In retrospect, this was quite a shift in Administration tactics. After months of calling for Saddam's ouster, Bush seemed to be taking a quieter approach, telling Iraq to change its behavior by coming forward with its arms and publicly demolishing them. But this seems to have been strategic. In succeeding weeks, Administration officials explained privately that Iraq's failure to alter its conduct would be evident quickly, thus avoiding a drawn-out inspection process. And based on Saddam's track record, they were highly doubtful he would comply with the new rules. By Stan Crock
The Nov. 8 U.N. resolution incorporated this new compliance idea, and strangely enough, the internal divisions in Washington might have helped seal international approval. The prospect that hawks like Vice-President Dick Cheney and Defense Secretary Donald Rumsfeld would push a unilateral U.S. move on Baghdad gave "doves" like Powell leverage in the Security Council, which didn't want to appear irrelevant. In turn, Powell's success in the U.N. could help the hawks by bringing in allies, if it comes to war.
The new compliance standard, however, never registered with the public, as the focus turned immediately to a fierce debate over whether a second resolution would be needed before military action. Powell repeatedly insisted that Iraqi cooperation was a must. But it sounded like little more than insistence that the Iraqis not block the doorways.
Then came the search for a smoking gun, a rhetorical trap for the Administration that Powell seems to have inadvertently fallen into when he said on ABC's Nightline on Nov. 12, "We will have to make a judgment based on, first, if the inspectors get in, what they find or don't find." From then on, the smoking gun was viewed as the benchmark for judging Iraq. "Nowadays we need evidence before we hang someone," said Hubertus Heemskerk, CEO of Dutch banking giant Rabobank Group, at the January World Economic Forum in Davos. Heemskerk's remark is quite typical of the European view to this day.
The absence of such hard evidence has proven costly for the U.S. Bush is viewed abroad as an out-of-control cowboy, moving with unseemly haste toward combat. European and Islamic publics are increasingly suspicious of U.S. motives. That could prompt countries to be less cooperative on extradition of terrorist suspects, intelligence sharing, or the number of troops they provide for combat missions, says Joseph Nye Jr., dean of Harvard University's Kennedy School of Government.
The single-minded focus on Baghdad has allowed dangerous problems to fester in North Korea, Kashmir, and West Bank. Pyongyang, for example, is about to put spent fuel rods, which can be used to make nuclear bombs, beyond the reach of weapons inspectors and the kind of air strike the Clinton Administration planned but abandoned in 1994 in favor of diplomatic engagement. "That's an enormous setback for the U.S. and its policy of keeping the worst weapons out of the hands of the worst people," worries David Rothkopf, CEO and chairman of Intellibridge, a Washington (D.C.) consulting firm.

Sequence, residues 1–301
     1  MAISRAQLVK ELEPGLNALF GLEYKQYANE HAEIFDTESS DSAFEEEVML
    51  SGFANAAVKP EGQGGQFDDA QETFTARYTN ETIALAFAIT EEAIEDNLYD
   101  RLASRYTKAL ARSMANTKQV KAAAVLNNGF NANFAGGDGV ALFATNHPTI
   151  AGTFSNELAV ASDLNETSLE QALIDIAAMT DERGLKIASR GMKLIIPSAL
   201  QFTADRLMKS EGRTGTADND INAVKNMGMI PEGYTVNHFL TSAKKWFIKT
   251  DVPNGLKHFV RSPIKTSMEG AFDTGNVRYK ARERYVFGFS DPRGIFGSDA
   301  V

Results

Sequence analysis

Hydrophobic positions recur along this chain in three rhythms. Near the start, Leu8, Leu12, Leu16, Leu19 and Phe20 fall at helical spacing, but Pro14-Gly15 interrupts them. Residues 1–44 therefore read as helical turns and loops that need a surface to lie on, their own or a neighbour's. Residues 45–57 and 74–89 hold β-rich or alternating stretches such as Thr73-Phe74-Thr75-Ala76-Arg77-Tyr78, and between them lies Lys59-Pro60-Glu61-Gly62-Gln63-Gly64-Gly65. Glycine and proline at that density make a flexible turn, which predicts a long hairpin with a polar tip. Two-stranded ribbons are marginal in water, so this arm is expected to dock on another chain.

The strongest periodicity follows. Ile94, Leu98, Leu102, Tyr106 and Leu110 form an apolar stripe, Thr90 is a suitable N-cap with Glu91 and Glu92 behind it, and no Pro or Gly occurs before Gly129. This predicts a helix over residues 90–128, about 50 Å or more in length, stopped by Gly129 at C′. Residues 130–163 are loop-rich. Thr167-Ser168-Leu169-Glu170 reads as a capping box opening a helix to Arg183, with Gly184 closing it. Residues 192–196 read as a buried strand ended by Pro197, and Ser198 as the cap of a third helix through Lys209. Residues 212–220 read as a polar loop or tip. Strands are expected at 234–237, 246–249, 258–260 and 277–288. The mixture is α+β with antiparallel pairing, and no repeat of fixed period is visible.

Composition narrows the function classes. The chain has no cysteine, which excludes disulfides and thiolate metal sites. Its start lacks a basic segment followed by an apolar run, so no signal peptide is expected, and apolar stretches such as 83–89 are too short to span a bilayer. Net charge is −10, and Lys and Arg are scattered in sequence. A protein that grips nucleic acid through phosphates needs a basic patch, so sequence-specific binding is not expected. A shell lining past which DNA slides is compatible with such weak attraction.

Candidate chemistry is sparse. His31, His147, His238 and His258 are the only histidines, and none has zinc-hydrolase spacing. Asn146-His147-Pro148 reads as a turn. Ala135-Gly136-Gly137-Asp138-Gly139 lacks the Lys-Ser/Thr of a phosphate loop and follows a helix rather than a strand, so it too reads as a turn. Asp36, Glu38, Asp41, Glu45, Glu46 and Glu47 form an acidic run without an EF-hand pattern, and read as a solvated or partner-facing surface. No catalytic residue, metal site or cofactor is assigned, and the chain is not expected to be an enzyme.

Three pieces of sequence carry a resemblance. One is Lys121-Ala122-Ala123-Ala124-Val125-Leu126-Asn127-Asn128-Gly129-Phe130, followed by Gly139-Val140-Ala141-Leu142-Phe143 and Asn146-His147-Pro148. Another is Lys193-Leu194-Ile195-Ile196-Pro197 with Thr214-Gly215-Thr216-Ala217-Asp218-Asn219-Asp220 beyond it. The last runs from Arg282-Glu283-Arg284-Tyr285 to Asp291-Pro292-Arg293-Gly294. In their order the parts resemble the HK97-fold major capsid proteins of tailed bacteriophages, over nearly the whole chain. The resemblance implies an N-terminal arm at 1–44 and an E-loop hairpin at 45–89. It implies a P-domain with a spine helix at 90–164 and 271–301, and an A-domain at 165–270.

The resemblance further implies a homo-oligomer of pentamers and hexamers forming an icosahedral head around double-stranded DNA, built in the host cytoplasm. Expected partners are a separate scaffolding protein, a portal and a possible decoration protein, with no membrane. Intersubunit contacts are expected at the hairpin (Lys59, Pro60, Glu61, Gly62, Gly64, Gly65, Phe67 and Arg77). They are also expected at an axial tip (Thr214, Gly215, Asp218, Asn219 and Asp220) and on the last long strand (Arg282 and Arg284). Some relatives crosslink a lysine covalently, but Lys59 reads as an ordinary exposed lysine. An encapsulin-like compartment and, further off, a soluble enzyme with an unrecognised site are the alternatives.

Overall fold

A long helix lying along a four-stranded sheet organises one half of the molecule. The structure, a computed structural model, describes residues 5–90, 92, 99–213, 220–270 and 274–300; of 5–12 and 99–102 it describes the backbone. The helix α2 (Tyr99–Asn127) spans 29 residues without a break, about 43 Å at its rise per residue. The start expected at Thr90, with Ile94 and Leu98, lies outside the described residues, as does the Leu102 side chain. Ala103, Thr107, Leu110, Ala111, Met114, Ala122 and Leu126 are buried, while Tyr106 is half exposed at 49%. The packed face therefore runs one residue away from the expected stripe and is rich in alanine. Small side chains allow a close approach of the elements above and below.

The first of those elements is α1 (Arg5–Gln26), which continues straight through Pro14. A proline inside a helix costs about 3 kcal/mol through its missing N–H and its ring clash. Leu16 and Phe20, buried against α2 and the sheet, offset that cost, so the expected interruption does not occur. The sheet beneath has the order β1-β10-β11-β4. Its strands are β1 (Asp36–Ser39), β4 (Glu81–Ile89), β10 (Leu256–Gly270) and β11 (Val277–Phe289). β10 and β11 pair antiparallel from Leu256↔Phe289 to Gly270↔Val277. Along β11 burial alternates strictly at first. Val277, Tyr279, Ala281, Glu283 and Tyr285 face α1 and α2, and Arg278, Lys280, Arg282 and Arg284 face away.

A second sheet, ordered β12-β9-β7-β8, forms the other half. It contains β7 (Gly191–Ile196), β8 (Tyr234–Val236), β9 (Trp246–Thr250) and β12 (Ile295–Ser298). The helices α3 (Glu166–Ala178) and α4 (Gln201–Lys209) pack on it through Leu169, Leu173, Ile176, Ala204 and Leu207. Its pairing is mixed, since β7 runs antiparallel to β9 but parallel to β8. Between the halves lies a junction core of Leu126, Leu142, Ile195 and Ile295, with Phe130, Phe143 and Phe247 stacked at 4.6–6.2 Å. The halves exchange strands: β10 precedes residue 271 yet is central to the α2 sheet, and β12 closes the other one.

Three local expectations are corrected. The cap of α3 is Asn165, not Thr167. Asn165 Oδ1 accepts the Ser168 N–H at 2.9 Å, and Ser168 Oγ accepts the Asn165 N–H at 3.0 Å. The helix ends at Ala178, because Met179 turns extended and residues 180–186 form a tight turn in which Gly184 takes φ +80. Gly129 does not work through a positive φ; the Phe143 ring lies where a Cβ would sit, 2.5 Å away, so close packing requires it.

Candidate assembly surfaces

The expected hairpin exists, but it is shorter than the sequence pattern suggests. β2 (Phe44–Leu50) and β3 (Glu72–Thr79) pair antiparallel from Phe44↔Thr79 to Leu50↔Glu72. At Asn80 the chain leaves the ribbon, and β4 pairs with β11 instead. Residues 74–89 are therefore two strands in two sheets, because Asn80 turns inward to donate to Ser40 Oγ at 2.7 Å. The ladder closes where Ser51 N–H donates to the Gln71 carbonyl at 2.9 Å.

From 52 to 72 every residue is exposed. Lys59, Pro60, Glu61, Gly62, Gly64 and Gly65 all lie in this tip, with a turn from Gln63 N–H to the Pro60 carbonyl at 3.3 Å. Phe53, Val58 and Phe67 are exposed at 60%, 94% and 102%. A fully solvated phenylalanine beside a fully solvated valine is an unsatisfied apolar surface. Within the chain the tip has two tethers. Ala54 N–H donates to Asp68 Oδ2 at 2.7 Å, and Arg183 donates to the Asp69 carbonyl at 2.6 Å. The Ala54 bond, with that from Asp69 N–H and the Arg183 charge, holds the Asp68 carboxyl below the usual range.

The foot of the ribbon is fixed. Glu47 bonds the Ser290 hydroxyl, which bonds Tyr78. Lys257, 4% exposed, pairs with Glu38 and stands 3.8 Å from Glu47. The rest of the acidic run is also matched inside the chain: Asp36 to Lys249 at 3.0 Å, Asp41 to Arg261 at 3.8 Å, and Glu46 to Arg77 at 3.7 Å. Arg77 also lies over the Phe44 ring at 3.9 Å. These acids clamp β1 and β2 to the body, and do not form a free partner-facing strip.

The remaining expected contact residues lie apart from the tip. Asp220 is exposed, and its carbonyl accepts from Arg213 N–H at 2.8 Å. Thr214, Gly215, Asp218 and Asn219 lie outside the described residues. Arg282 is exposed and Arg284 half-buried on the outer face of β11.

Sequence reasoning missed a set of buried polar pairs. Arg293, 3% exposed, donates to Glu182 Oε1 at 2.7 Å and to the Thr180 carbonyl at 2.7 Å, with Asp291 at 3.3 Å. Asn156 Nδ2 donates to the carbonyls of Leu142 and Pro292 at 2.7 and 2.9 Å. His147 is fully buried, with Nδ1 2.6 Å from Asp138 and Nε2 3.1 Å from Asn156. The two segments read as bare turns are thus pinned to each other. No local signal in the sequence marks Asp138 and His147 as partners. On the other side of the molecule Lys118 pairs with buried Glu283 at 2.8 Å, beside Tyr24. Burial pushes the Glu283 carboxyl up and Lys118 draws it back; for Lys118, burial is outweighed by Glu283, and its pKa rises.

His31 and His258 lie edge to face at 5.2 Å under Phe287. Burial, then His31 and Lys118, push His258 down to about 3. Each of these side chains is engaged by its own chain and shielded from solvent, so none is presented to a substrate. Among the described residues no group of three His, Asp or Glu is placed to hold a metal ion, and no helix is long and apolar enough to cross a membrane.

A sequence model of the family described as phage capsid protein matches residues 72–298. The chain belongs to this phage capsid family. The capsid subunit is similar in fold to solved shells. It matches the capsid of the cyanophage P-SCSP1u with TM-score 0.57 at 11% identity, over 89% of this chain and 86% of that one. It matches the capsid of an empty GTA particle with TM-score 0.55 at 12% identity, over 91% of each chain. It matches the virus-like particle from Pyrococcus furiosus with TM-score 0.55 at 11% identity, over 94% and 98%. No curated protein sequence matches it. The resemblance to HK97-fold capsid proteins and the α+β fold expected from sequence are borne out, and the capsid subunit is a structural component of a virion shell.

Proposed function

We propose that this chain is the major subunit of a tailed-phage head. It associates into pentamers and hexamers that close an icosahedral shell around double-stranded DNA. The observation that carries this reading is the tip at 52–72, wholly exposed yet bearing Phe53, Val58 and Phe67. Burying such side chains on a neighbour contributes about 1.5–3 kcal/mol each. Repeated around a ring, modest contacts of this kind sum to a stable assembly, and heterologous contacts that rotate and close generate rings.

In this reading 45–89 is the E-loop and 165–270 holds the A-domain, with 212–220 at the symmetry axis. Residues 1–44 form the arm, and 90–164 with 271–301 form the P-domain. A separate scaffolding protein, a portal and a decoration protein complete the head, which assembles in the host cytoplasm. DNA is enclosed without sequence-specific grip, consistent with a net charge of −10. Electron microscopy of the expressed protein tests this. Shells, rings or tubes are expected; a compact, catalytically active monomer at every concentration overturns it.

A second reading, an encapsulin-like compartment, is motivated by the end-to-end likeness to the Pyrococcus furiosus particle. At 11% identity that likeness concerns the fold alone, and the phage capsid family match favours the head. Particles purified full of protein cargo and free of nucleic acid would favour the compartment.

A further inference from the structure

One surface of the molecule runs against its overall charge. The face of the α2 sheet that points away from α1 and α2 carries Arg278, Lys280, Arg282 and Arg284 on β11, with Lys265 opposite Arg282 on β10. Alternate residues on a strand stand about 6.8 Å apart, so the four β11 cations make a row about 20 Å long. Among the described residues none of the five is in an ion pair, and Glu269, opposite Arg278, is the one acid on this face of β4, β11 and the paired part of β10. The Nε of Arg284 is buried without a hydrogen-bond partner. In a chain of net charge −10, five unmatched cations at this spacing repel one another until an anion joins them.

What's more, the Administration's stance is putting Bush's staunchest ally, Britain's Tony Blair, at political risk. His government could fall if he joins a U.S. attack without U.N. approval. "I see remarkably little awareness in the Bush Administration of the price they have paid," says Patrick Clawson, deputy director of the Washington Institute for Near East Policy. Clawson is a hardliner on Iraq who thinks Bush should have moved sooner.
"ONE GOOD CHANCE."
There's a method to the Administration approach, however. They delayed making their case to give U.S. troops a breather after Afghanistan. They were confident -- to the point of arrogance, perhaps -- that they could muscle their policy through when the right time came.
"You have one good chance to make the case," says Jon Alterman, director of the Middle East program at the Center for Strategic & International Studies, who recently left the State Dept. "You want to make it when you want to make it, not dribble it out and dilute the impact."Powell's Feb. 5 presentation may have laid the foundation for a new U.N. resolution. It's not required under the previous resolution, but it could provide political cover for wavering countries. The U.N. need not authorize military intervention, but simply state that Iraq is in material breach of previous resolutions -- something not even French officials would contest.
In the end, the President may not persuade the world that his judgment is right, just that he's determined. That may be enough. Foreign leaders "have come to the conclusion that if there's going to be a war, they want to be on the right side," says Arnold Kanter, a principal in Scowcroft Group, a Washington (D.C.) consulting firm. Despite foreign doubts about Washington's wisdom, no one questions its power -- and its ability to prevail militarily.
Crock covers national security and foreign affairs for BusinessWeek from Washington. Follow his views in Affairs of State twice a month, only on BusinessWeek Online
Edited by Douglas Harbrecht